In Sylva, LLC v. Baldwin Court Condominium Association, Inc., 2018 IL App (1st) 170520, a purchaser bought a condominium unit at a foreclosure sale. At the time of sale, the purchaser paid six months’ of the prior owner’s unpaid assessments to clear the title of the unpaid assessment lien. After receiving clear title to the condominium unit, the purchaser sued for recovery of those assessments, contending the Condominium Property Act, 765 ILCS 605/9(g)(4), requires the association to first sue the prior owner.
The trial court sided with the purchaser, finding that the Illinois Condominium Property Act required the association to file an action to collect the unpaid assessments against the prior owner. The association appealed, contending that it had satisfied its statutory requirements by filing and recording a lien against the property for the unpaid assessments and did not need to sue the prior owner before recovering from the purchaser.
The first district Court of Appeals reversed, finding that the statutory language in the Condominium Property Act contemplating “institution of an action to enforce the collection of assessments” does not require the association to file suit against the prior owner as a condition precedent to recovering from the foreclosure purchaser. In Wing Street of Arlington Heights Condominium Ass’n v. Kiss the Chef Holdings, LLC, 2016 IL App (1st) 142563, the first district previously held that an association could recover six months of assessments proceeding the action to “enforce its lien”. The facts of that case differed slightly in that the association had filed an action and obtained judgment against the prior owner. Nevertheless, Wing Street also held that Section 9(g)(4) imposes a separate statutory lien that is based not on the prior owner’s delinquency but on the current owner’s failure to make the payment required by the Act. Because of its prior holding in Wing Street, the first district in Sylva held there is no reasoned basis to require the association to file suit against the prior owner as a condition precedent to recovery against the new owner under Section 9(g)(4). Because the new owner is provided notices of the unpaid assessments and its duty to pay them (per 765 ILCS 605/9(g)(5)), the statute is not against public policy.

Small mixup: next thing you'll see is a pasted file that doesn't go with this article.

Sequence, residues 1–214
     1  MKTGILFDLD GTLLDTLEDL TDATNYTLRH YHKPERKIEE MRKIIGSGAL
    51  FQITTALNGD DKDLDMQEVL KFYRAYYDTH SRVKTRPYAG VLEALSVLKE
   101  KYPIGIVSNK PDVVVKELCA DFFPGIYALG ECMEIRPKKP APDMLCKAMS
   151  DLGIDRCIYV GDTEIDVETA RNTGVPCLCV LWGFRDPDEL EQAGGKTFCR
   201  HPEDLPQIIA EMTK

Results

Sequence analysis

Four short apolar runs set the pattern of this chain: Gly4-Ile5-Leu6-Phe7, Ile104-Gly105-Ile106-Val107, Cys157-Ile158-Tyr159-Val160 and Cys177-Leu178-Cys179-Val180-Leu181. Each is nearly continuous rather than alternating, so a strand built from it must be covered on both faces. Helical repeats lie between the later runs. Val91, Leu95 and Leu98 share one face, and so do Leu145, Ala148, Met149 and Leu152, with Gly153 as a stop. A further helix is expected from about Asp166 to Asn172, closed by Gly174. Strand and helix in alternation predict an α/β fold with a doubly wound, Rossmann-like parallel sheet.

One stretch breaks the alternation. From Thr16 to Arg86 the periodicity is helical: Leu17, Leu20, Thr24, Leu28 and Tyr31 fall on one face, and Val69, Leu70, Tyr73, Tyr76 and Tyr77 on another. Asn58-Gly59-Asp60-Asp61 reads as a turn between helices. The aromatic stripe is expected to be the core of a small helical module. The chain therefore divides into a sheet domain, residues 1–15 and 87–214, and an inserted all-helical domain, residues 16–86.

The purchaser knew of the outstanding unpaid assessments and its statutory obligation to pay up to six months of the prior owner’s unpaid assessments and nevertheless bought the property. The appellate court found no support as to why the association’s right to the back-paid assessments should be conditioned on suing the prior owner. Once the association files an action to collect directly against the foreclosure buyer, it is entitled to the assessments that would have been due in the proceeding six months. While the association had not sued the purchaser to collect the assessments, it did not need to do so because it had already been paid. And, under equity maxims, the law will not require a person to do a useless act. Accordingly, the first district held the association was entitled to the six months of back assessments from the purchaser pursuant to Section 9(g)(4).Download Related Document